Patriotic Paris

Photo by Jo Ann Farnsworth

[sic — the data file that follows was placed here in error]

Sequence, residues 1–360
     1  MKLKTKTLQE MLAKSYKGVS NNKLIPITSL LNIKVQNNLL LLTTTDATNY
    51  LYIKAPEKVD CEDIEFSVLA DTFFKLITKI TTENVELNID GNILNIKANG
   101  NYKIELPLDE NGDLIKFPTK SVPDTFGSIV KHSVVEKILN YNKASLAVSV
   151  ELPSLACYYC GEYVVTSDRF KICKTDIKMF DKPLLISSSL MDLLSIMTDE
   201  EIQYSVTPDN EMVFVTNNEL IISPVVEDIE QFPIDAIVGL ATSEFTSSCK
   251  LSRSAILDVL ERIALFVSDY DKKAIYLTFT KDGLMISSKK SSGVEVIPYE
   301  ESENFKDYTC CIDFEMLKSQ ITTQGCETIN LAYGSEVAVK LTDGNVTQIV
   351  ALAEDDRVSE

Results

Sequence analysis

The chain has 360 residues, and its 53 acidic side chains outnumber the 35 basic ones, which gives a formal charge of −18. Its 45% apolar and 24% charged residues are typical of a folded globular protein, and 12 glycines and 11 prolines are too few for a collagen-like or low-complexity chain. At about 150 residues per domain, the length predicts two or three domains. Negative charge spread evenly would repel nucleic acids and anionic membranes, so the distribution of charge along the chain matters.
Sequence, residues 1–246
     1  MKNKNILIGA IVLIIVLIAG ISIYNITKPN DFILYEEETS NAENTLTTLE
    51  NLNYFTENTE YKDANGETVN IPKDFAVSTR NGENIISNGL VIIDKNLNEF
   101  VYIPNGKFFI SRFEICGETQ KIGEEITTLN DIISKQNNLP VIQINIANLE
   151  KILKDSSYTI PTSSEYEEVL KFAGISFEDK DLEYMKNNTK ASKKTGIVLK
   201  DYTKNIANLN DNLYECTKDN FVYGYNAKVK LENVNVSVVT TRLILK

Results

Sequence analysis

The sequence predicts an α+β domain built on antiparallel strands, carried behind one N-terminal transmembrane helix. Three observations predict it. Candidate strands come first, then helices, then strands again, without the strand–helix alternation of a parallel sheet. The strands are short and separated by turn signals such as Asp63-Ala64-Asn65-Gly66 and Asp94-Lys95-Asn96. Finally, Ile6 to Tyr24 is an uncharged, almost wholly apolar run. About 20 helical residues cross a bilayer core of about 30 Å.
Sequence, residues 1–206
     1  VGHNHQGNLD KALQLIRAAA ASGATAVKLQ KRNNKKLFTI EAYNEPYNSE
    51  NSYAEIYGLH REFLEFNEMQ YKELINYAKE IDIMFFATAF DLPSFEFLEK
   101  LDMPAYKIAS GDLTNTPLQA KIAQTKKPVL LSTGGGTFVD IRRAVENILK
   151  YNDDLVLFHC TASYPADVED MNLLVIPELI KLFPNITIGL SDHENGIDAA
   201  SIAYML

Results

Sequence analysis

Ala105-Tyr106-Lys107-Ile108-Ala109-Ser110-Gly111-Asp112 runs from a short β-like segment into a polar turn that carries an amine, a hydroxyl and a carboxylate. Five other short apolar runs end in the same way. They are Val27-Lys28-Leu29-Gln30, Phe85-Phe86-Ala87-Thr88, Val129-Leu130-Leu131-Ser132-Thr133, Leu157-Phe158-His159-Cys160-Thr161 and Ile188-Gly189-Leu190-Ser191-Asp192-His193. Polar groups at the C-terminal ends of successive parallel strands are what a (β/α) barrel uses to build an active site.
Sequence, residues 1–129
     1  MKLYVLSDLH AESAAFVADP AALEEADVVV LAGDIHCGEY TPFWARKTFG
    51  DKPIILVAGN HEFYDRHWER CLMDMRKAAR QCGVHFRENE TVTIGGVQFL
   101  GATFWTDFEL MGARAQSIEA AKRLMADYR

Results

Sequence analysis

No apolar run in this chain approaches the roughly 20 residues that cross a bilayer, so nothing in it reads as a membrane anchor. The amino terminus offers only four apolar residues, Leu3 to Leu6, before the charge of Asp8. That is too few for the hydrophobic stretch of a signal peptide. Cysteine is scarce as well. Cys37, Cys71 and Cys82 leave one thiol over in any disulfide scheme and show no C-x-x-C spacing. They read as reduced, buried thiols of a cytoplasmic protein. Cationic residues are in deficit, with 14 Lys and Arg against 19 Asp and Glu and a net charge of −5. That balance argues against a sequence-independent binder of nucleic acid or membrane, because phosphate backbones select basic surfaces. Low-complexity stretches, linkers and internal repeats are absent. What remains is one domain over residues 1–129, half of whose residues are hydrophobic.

There is no place I would rather be on the Fourth of July than Paris, population 513. The patriotic program there, which was started thirty-four years ago, is the best I’ve ever gone to. People line up for an hour to get into the Mormon tabernacle, a beautiful building on the National Register of Historic Places built in 1889 with native red sandstone hauled in wagons that were pulled by oxen and/or horses from a quarry about eighteen miles away. The building was erected without power tools. Red, white, and blue half-circle flags hang from the loft on the holiday. The choir and many people in the audience wear red, white, and blue clothing, which makes a wonderful sight under lights hanging from the dome ceiling. The program changes each year, and people of all ages perform. This year, retired Air Force pilot Jerry Nelson was emcee in his dress uniform, and when Boy Scouts escorted twelve World War II veterans onto the stage, where a decoration was pinned on each man’s shirt, it was a real tear-jerker. Twelve might seem like a lot of WWII veterans for the Bear Lake Valley, but there are even more, who were not present. A musical highlight was the wonderful voice of Joel Packman, who lived here for a few years but was transferred, which disappointed many people who thought they would not hear him sing again. But he has returned for the past two years, just to sing on this day. The closing number, “Taps,” was played on bugles as eight large flags were waved from the balcony. Many people left the building with tears of patriotism in their eyes.

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